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Sometimes winning isn't everything

Lorraine Graves   Oct-23-2018

Council hopeful Henry Yao, right, was among those watching the numbers slowly roll in Saturday night at the Richmond Curling Club.

Photo by Chung Chow


As the RCA and RITE party candidates gathered at the Richmond Curling Club to await the civic election returns, with flat screen TVs on the wall showing talking heads and election statistics from around Metro Vancouver, first-time candidate Niti Sharma said she felt completely calm.

“I want things to change for the city in a substantial way, but whether I’ll be part of that (as a city councillor) I will always be part of that as a resident. I can’t look away any more.”

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Henry Yao discussing his public pro-SOGI stance he announced on Facebook, showed not only the supportive comments in English but the brutal, bitter ones denouncing him in Chinese.

“So many people have told me the support I got from them, for coming out in favour of the SOGI (provincial ministry of education’s Sexual Orientation and Gender Identity) policy but, they don’t read Chinese,” he said.

Reading out many of the Chinese language posts which, in addition to saying strongly negative things about Yao’s character for his support of SOGI, described him as a traitor to the Chinese people and clearly said to tell people not to vote for Yao.

Yao quit his job to run full time, and that the reaction to his Facebook post further validated his reason for running; he wanted positive actions to bridge the cultural divide in our Richmond.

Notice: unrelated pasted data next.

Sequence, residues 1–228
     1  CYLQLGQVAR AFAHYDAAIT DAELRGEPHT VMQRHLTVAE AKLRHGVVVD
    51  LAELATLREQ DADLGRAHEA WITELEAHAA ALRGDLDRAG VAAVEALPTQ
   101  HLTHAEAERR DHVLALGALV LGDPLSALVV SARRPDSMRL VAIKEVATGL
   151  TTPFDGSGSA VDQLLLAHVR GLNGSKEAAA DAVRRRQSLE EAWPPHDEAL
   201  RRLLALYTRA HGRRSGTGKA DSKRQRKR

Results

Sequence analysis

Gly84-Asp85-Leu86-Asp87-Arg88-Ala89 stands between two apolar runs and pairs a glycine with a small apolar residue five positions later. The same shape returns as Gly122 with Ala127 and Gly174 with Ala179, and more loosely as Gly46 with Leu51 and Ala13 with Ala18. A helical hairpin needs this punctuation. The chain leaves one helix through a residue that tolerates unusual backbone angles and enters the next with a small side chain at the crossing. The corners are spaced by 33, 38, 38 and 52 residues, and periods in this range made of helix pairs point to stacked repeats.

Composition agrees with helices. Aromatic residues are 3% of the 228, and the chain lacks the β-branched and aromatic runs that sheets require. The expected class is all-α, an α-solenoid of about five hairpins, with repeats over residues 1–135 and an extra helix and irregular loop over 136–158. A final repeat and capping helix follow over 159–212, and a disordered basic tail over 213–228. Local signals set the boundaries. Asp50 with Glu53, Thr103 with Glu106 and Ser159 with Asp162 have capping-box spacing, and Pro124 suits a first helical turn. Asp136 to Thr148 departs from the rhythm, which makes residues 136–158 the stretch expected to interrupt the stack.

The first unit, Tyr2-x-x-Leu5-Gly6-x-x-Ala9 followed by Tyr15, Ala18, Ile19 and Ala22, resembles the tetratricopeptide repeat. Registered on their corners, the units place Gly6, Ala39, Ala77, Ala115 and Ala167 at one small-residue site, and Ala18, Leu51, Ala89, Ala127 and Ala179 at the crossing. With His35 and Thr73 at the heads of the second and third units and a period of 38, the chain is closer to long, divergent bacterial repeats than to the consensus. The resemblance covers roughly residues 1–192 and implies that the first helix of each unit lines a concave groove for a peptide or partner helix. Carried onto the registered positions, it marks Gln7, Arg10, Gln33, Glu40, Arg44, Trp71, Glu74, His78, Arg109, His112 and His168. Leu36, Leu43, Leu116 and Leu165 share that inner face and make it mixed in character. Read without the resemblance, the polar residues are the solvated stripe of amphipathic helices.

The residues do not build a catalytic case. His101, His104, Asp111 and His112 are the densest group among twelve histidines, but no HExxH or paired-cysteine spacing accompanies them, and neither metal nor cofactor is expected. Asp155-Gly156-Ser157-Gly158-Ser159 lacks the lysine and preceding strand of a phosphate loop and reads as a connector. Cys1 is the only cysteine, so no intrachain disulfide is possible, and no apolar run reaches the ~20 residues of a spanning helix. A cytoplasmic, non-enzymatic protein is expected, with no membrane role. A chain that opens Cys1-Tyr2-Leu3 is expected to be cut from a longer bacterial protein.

Jack Trovato, running for city council and a former NDP candidate in the provincial election, said it was time for a change in Richmond.

Judie Schneider milled around the gathered supporters and candidates, amongst them, Debbie Tablotney, running again for school board after a long wrestle with her conscience about whether to toss her hat in the ring.

Then the results started coming in—very slowly.

It was after midnight before all results were in.

Of the assembled group, Schneider, Trovato, Sharma and Yao didn’t make the cut. They had lost their bids to be city councillors.

Schneider sat with supporters, quietly talking and then congratulating the winners amongst the crowd.

Yao, left early looking exhausted. He felt the negative campaign against him took its toll. One of the other candidates took his arm in encouragement as he quietly left, almost unnoticed.

“I feel happy, tired. We gave it our best shot,” Trovato said after the results became clear.

He said he was happy because of the people from the RCA/RITE coalition who were elected and that he was tired because of how hard they had all worked.

“We’re very pleased at the results this evening. We’ve got a wonderful group of people (who) appear to be elected.”

Trovato said that while they wished that more of their slate had gotten in, they were “very happy that the citizens of Richmond have made a choice for more progressive voices.”

And what’s next for Trovato?

He will be putting the finishing touches on his high school drama classes’ production of George Orwell’s dystopian novel about a world ruled by a regime that uses false news and thuggery to control the populace, “1984.”


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